Well, what we’re talking about here is comics, and comics—you can’t talk about just the drawing. It’s words and pictures. If it’s not words and pictures, the whole doesn’t exist. It’s the integration of storytelling, dialogue, and the art. They all become one. So it’s not simply about having a good-looking page. It’s telling a story that moves the reader and pulls the reader in and where the reader—as in the best of Caniff and Eisner’s Spirit—doesn’t differentiate between reading the balloon and looking at the picture. Creating that double impact was the challenge here, and also the fun. I worked from a typed script that I first wrote and sold to the publisher. And very much like the screenwriter of a movie, I found that once the director—who was also me, in this case—got a hold of it, he kept changing or rewriting or cutting the dialogue. The pictures in the scene demanded something else. I was continually being corrected and outguessed by the director. That was revealing and often quite educational. So it wasn’t so much the visual surprises, although I encountered many of them—what surprised me over and over again as somebody who has written plays and screenplays over the years is how much rewriting and rethinking and revising the text demanded because the pictures were going in another direction. Is there one change in particular you think is the most radical? A change that took place in the drawing of the story...
Well, yes. In the second part of the book, I had a long sequence after the South Pacific. And by the time I’d almost finished drawing the South Pacific sequence, the director in me said, “It’s time to get out of this. It’s time to close down. This is the big climax, and you can’t have another chapter and another part of the story. The reader is not going to stand for that.” So I had to find a way of getting to the end—get all the information in that was required from that last part—and not seem to be hastening to get out of the book. Once I started thinking in that direction, it happened very naturally. And I must have cut about thirty pages.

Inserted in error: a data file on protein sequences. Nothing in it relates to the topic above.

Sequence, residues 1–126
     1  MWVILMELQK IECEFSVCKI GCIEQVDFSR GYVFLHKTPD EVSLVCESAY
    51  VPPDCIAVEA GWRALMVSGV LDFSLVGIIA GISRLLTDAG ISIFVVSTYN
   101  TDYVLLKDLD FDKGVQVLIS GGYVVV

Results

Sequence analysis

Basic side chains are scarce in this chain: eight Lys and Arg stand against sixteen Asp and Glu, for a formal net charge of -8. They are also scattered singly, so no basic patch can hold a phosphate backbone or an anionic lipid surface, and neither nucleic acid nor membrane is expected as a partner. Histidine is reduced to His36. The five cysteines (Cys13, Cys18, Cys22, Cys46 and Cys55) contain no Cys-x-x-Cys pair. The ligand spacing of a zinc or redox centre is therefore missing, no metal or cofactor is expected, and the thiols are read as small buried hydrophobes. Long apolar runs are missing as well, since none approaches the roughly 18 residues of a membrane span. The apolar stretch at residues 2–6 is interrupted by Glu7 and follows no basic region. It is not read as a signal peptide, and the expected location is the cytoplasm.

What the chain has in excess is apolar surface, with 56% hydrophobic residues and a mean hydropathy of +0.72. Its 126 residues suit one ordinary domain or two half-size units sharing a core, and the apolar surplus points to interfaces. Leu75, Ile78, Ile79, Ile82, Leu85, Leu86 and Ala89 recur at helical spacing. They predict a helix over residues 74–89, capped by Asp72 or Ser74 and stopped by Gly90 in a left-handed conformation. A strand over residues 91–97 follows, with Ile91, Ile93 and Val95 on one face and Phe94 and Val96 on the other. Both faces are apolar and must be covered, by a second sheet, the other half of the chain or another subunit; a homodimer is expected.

Let me ask you—how did the Pacific theater find its way into Kill My Mother? Did you know from the start you wanted to include World War II?
Well, I could see from the beginning that the book would be in two parts: the Depression '30s, when I was a boy, and the war years. Particularly in Hollywood, because my idea for a second volume was to take these same characters into the years 1947, 1948, during the Hollywood blacklist, which is when I developed a lot of my left-wing politics. So I wanted to do a noir book about the blacklist, and I was building up to that. Then, once I was in Hollywood [in the Kill My Mother’s middle section], it’s the war, and everybody’s in uniform, and everybody’s entertaining troops, going on USO tours... Suddenly it occurred to me that this would be a big climax, with all the characters going to an island, which is in battle in the South Pacific. And Tarawa was one of the first islands that, after Pearl Harbor, we took back from the Japanese. That USO tour—all my characters go, and while they’re fighting the Japanese, they start settling scores with each other. That’s a funny and wonderfully dramatic and exciting idea, and once I thought of it, I knew it was absolutely right. That had to be the big, big climactic sequence of the book.
Having lived in the US during Vietnam, and having almost served in Korea, does World War II occupy a different space in your mind?
World War II was considered the good war. It was the war against the Nazis, and I’m Jewish, and it was a war—as we soon found out—to stop Hitler’s destruction of the European Jews. There were all sorts of good moral reasons—not to mention military reasons—for getting into that war. But from Korea on... I was drafted into the Korean War, but I didn’t serve in Korea, and that really began my career as a satirist. By doing army cartoons. From Korea on, it was a different attitude. First of all, since we were attacked by the Japanese at Pearl Harbor, everyone understood in World War II the need for a draft, the need for everyone to do his or her part.